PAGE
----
A Lonely Campaign Against Intolerance In Saudi Arabia
A Middle Eastern-looking man riding on the Metro while reading a green-covered book about Islam is bound to get more than his share of stares these days. A Saudi man who reads in the paper that the INS has ordered immigration inspectors to start registering Saudi men ages 16 to 45 could be expected to bristle.
Ali al-Ahmed laughs at the stares and welcomes the attention from the feds. Al-Ahmed considers his life in a one-bedroom Fairfax apartment such a relief from what he suffered back home in Saudi Arabia that he has given up a career in finance to campaign for reform in his native land.
Al-Ahmed's Saudi Institute, a one-man operation subsisting on donations from Saudi emigres, seeks to spread the word that Saudi Arabia is so deeply intolerant and repressive a society that, as al-Ahmed says, "America must come and force reform on us, because we are incapable of it."
Al-Ahmed is a reviled figure at the Saudi Embassy. But for a 35-year-old who has spent most of his decade in this country studying political science and finance at small colleges in Minnesota, al-Ahmed has created quite a stir.
His most recent product is a research paper that details numerous incendiary statements in books and pamphlets distributed to Muslim students by two Saudi educational institutes in Northern Virginia. The books call Christianity and Judaism "deviant religions," urge Muslims to "create barriers" between themselves and non-Muslims, and argue that Muslims are forbidden to have Christians or Jews as friends, "with no consideration as to whether they are at war with Islam or not." Al-Ahmed asked officials of the Institute of Islamic and Arabic Sciences in Fairfax County and the World Assembly of Muslim Youth in Alexandria why they used these books. "They said, 'Oh, you're just working for the Christians and the Jews,' " al-Ahmed says.
Al-Ahmed's next project is a Web site that will allow Saudis to get uncensored news out to their neighbors and the world. "People will be able to write to us, using pseudonyms, with what happens in their neighborhood," al-Ahmed says. "This can help create a new generation of activists."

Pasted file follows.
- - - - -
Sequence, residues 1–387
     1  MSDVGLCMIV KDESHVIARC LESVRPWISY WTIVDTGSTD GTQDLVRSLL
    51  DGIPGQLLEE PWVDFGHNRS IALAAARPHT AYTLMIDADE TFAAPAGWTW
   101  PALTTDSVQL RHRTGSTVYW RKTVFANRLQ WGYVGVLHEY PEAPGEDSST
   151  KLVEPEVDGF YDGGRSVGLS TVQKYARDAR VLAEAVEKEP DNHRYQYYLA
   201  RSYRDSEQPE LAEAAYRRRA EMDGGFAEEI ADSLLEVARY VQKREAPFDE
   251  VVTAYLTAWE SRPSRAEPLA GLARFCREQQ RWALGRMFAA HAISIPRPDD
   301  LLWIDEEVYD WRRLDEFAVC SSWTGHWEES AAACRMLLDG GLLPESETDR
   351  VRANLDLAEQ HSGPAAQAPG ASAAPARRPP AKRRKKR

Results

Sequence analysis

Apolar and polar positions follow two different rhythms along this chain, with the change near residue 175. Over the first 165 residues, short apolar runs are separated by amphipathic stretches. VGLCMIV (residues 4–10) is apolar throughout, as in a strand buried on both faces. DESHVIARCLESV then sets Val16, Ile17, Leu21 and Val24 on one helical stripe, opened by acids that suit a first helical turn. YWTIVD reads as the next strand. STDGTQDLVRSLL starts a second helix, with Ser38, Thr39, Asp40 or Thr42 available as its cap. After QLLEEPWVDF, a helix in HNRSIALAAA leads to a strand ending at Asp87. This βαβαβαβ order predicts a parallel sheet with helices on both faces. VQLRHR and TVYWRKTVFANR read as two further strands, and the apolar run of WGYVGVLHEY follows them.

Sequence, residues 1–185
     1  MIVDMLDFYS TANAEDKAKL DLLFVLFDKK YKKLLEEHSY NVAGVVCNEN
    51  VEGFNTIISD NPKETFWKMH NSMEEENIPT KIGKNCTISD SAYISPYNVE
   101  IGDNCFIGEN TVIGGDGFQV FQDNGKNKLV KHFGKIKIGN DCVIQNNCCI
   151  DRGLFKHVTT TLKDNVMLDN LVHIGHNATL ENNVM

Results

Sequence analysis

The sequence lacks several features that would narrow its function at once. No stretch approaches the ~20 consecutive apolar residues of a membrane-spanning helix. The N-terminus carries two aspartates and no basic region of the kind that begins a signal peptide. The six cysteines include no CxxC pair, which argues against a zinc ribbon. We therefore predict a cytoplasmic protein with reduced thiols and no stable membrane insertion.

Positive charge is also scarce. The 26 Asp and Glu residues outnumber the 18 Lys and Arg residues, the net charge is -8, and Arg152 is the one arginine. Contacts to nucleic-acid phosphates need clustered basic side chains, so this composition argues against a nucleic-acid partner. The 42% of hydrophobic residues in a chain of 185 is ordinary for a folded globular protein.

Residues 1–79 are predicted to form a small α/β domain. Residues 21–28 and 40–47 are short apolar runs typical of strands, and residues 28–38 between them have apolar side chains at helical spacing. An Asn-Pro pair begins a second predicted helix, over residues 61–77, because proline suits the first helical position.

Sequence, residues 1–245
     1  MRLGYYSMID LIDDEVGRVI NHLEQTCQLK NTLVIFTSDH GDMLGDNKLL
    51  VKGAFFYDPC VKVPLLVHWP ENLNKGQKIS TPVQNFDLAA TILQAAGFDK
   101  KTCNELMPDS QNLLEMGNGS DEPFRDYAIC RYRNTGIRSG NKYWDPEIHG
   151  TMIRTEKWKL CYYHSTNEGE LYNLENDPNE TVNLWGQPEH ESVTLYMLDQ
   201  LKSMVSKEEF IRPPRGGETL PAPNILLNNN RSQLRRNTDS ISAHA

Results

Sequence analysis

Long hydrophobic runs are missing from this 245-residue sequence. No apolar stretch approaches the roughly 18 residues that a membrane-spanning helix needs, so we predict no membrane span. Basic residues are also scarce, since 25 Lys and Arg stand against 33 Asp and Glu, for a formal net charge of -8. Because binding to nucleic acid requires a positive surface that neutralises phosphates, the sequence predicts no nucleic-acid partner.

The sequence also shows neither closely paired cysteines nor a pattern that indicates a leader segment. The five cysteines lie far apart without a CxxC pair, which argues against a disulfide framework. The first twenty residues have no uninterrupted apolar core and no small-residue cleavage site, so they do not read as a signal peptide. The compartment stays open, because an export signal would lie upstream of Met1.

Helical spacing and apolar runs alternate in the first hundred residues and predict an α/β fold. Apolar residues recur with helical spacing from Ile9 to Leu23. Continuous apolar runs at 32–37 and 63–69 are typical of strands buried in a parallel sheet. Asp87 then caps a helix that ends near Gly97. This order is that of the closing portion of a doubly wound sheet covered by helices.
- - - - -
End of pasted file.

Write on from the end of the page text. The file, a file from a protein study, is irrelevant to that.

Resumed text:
He is under no illusion that change will come easily. When he was 14, al-Ahmed, who had been active in a group of Shiite Muslims protesting Saudi restrictions on followers of that branch of Islam, was imprisoned for a month with his father and two brothers. According to Amnesty International, Ali's youngest brother, Kamil, has twice been held in a Saudi prison without trial. Ali believes Kamil's latest arrest was retaliation against Ali's activities in Washington. But al-Ahmed says he will not be deterred: "What worse can happen to my family? They have already ruined my brother's life. My mother cries every night because I cannot go see her. I want to go home, but I cannot until we can breathe freedom there."
A Saudi official who insisted on anonymity says al-Ahmed is free to go home, that his family is not being punished, that al-Ahmed's claims about Saudi repression are "nonsense," that offensive works distributed by the Saudi schools "were revised after 9/11," and that "he is funded by people with political agendas in this country."
Who might that be, I asked. The official named two groups: the Jewish Institute for National Security Affairs (JINSA) and the Foundation for the Defense of Democracies (FDD), which the Saudi said was "essentially the same group of Jews."
Al-Ahmed and JINSA have never heard of each other, let alone exchanged money or work, say al-Ahmed and institute spokesman Jim Colbert. FDD did pay al-Ahmed $2,500 for his "hate literature" research. Foundation President Clifford May says his group, created after 9/11 to "provide intellectual ammunition for the war against terrorism," is about as Jewish as its directors and advisers, who include former House speaker Newt Gingrich, Clinton CIA director James Woolsey and Al Gore campaign manager Donna Brazile. "It's high time the Saudis got over their incessant and relentless anti-Semitism," May says.
Al-Ahmed plans to plow ahead. "We don't have a Washington or Jefferson in my country," he says. "We have these decadent rulers who think they own the country. They attack me and say I make things up. Well, I'm not very smart, but I am determined, and I know this is the right time in history. I will go back to my country, I know it."
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